Apr 24 2010

Five Baby Birds at Pitt

Published by at 7:08 am under Peregrines


The last of Dorothy’s five eggs hatched overnight so now she and her mate E2 have five baby peregrines to feed. 

Breakfast was served at 6:20 this morning.  Click on the photo above to see a slideshow of the feeding.  (The slideshow repeats until you close it.)

(photo from the National Aviary webcam at University of Pittsburgh)

8 responses so far

8 Responses to “Five Baby Birds at Pitt”

  1. faith Cornellon 24 Apr 2010 at 7:38 am

    And what a nice early Sat. AM it was with this show on the road. Busy busy busy they will be. I was up & happened to catch it live.

  2. Jennieon 24 Apr 2010 at 7:48 am

    What a beautiful photo! Thanks, Kate. You have said that 5 is a large clutch; how unusual is it for all 5 to hatch? We’re holding them all in our hearts.

  3. Gloriaon 24 Apr 2010 at 8:14 am

    Good Job, Dorothy!!! — and now, the hard work begins. Should be fun to watch the action in the next few weeks!

  4. Kate St. Johnon 24 Apr 2010 at 10:17 am

    Five babies is unusual for Dorothy but in her younger days Tasha used to have large clutches. The typical number of eggs is 3 to 6. Lots of variation among peregrines.

  5. Marianneon 24 Apr 2010 at 1:22 pm

    This is fantastic that all 5 eggs hatched! Now there are more chances for survival. Beautiful picture Kate!

  6. John Mozeron 25 Apr 2010 at 7:47 pm

    Wonderful images of the mother falcon and her 5 chicks. I would like to suggest that one of the chicks be named ‘Alec’ in honor of G. Alec Stewart, the Pitt Honors College Dean who passed away recently. Alec’s office was near the top of the Cathedral of Learning not far from the falcons’ nest. Alec was a wonderful person and a great friend of all living things.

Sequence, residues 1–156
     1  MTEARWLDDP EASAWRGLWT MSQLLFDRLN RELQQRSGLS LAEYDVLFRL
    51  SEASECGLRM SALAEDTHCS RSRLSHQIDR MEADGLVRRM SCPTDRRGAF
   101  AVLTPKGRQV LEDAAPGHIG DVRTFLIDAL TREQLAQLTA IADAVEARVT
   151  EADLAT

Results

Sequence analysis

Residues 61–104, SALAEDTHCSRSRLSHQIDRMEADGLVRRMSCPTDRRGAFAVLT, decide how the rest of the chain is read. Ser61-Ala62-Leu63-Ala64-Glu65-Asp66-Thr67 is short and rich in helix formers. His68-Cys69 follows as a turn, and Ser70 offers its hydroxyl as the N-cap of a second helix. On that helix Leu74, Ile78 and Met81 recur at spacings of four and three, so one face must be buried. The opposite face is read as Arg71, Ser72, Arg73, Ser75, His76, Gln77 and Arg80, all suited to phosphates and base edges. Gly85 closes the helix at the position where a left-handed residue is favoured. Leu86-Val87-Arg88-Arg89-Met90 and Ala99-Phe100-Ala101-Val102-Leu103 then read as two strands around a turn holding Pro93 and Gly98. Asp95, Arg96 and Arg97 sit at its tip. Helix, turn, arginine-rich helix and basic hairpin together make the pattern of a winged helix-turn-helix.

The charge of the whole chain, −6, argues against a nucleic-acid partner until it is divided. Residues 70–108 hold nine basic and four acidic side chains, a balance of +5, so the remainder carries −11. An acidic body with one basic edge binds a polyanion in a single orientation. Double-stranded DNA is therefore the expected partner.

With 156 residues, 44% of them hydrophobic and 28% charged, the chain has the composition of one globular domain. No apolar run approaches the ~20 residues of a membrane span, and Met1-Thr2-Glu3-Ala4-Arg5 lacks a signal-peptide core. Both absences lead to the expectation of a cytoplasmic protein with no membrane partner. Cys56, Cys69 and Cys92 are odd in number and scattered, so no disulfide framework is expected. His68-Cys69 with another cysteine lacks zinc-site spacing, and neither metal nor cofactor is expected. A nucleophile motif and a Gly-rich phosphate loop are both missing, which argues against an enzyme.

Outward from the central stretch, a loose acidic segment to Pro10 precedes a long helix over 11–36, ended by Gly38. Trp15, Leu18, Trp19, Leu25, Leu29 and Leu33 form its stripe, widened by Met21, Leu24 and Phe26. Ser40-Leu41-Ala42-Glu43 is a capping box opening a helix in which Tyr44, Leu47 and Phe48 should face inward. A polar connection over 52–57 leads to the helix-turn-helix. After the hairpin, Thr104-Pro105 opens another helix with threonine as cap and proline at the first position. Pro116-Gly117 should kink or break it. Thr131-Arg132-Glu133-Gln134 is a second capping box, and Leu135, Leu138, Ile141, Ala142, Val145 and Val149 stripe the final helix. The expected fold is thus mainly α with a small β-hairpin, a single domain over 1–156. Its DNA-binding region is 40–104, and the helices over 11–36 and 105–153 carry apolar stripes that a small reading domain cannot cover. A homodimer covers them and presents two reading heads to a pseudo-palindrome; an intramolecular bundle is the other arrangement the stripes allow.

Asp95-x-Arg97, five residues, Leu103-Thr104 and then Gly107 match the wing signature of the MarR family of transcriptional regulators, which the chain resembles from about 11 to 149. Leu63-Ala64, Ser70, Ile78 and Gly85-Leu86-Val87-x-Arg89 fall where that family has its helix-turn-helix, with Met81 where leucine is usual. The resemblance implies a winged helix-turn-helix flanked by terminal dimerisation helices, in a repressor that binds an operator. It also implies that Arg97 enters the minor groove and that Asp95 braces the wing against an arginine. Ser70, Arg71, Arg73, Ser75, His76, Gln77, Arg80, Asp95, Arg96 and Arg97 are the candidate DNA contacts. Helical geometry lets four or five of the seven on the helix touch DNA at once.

7. Jon 26 Apr 2010 at 1:01 am

    John. As Kate will tell you, peregrine chicks are not named in Pennsylvania. However, perhaps the male at the Tarentum bridge could be named Alec as he was born at the Cathedral in 2008.

  8. Kate St. Johnon 26 Apr 2010 at 6:33 am

    John, thank you for your suggestion and, yes, J is right. The birds are not named when banded in Pennsylvania.

    I met Alec after the peregrines started nesting on the Cathedral of Learning. In the early years of the nest he used to come to the bandings. He loved the peregrines too and told me this story:

    When many of the rooms in Cathedral of Learning did not have air conditioning (before the remodeling at the Honors College) he was conducting a seminar with a few students around a table on an upper floor of the CL. It was hot and the window was open. They heard something at the window and turned to see a peregrine on the sill. Everyone froze in awe. The peregrine slowly looked at the entire scene, then turned and flew away. You can imagine the impression this made on everyone in the room.

    Wish I’d been there!

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